This coming session our lawmakers will be considering legislation which would continue to treat vaping, or “e-cigarettes,” as though it were just like actual smoking. Already the state included vaping in its ban on smoking, now lawmakers will consider whether or not to ban smoking to minors.
As I’ve written previously, I don’t believe we should. While I wouldn’t describe vaping as good for you, it’s better than smoking, and given that some kids are always going to smoke why not allow them a much safer alternative that doesn’t seem to be any more dangerous than caffeine?
Today the Fargo Forum makes the opposite case, arguing that vaping is but a gateway to smoking:
There is no question e-cigs are a gateway to smoking among teens. New studies indicate that as more minors try e-cigs (up in several states), chances increase that they will try tobacco and get hooked. Nicotine, whether in an e-cig or a cigarette, is addictive. It should come as no surprise that big tobacco companies are in the e-cig business.
I’m not sure which “studies” the Forum is referring to, but I can point to a couple of studies which suggest the opposite. While e-cigarette use among kids is up, it seems to be displacing smoking not inspiring more of it.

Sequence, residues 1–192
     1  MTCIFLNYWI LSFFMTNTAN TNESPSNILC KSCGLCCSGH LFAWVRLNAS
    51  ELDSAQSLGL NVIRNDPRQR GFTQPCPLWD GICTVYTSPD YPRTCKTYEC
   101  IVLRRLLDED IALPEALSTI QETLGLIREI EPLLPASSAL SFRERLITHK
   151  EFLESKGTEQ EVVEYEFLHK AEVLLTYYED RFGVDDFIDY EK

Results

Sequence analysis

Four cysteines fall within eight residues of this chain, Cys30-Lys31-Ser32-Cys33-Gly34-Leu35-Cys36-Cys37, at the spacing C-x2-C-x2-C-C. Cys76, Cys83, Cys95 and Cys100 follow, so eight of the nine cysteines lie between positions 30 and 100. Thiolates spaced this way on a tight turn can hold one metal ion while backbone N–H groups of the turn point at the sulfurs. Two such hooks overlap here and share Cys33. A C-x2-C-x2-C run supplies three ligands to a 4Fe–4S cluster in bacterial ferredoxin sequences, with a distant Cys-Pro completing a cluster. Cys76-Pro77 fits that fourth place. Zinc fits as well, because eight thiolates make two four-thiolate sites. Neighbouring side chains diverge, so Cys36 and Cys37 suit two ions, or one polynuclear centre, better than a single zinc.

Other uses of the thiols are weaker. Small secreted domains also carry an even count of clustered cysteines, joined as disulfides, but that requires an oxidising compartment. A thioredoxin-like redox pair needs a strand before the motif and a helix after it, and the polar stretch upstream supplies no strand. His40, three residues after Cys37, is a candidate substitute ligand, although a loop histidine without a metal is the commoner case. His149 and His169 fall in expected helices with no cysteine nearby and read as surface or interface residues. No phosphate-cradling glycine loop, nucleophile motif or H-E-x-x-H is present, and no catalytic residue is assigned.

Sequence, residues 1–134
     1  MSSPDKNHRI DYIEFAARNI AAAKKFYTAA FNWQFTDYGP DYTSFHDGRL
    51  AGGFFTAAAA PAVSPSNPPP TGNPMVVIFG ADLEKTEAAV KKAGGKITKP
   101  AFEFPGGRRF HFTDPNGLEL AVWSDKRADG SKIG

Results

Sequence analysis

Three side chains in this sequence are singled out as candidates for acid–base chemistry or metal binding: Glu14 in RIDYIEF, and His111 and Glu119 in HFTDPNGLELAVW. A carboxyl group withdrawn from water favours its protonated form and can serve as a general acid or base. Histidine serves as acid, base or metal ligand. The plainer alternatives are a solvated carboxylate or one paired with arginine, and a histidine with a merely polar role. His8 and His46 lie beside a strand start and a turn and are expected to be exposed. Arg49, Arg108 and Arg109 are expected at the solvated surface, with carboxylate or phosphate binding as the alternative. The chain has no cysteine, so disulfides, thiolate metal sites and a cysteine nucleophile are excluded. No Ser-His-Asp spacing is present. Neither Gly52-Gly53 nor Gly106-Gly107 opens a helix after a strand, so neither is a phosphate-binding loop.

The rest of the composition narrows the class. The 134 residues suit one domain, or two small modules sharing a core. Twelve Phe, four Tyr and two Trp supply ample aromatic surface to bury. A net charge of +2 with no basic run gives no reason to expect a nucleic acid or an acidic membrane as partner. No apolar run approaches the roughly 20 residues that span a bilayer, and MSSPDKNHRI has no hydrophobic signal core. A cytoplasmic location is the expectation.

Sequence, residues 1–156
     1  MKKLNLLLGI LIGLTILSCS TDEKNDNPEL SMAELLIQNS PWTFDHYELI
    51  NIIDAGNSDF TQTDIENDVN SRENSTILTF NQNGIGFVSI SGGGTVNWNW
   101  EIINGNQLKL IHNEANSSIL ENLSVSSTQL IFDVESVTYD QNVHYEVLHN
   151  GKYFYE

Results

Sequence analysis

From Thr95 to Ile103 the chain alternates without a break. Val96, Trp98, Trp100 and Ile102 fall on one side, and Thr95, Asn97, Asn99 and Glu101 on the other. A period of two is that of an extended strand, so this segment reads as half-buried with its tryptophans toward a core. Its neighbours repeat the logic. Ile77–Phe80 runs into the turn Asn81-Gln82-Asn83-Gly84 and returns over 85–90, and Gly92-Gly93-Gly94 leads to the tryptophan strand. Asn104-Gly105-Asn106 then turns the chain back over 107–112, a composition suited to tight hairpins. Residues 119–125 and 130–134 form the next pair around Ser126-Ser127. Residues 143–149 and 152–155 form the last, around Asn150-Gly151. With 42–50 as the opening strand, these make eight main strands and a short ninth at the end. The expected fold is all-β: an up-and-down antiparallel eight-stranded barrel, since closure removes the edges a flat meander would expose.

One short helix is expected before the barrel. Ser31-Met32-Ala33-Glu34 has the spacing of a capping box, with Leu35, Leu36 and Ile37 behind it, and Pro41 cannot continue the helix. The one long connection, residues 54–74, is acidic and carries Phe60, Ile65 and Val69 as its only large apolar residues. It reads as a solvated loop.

Peter Suderman notes the particulars at Reason:
In the Monitoring the Future (MTF) survey, 17.1 percent of 12th-graders, 16.2 percent of 10th-graders, and 8.7 percent of eighth-graders reported using e-cigarettes in the previous month. By comparison, the CDC’s National Youth Tobacco Survey (NYTS) last year put the prevalence of past-month e-cigarette use among all high school students at 4.5 percent. Although the two surveys are not directly comparable, the gap suggests that past-month e-cigarette use by teenagers, which according to the NYTS tripled between 2011 and 2013, continues to rise. But at the same time, both surveys show that smoking among teenagers continues to fall. In fact, the rates of past-month cigarette smoking among eighth-graders, 10th-graders, and 12th-graders in the MTF survey—4 percent, 7.2 percent, and 13.6 percent, respectively—are lower than ever before in the history of the study, which began in 1975. Furthermore, as Bill Godshall of Smokefree Pennsylvania points out, the drops in past-month cigarette smoking between 2013 and 2014—11 percent, 21 percent, and 17 percent, respectively—are the largest such decreases ever seen.
Given these data, it hardly seems reasonable to conclude that more vaping means more smoking.
It doesn’t. In fact, it seems much more reasonable to conclude that vaping is providing a safer alternative to smoking.
Crusading against tobacco has become a causus belli for progressives in the same way that the prohibition of alcohol was for the progressives of another area. It seems to have morphed from a public health campaign into a power grab.
If the anti-smoking zealots were concerned about public health, they’d welcome vaping as a safer alternative promoting a net increase in public health. But instead they detest it. Because it sort of looks like smoking, even though it isn’t, and their knee-jerk impulse is to destroy anything which looks like smoking.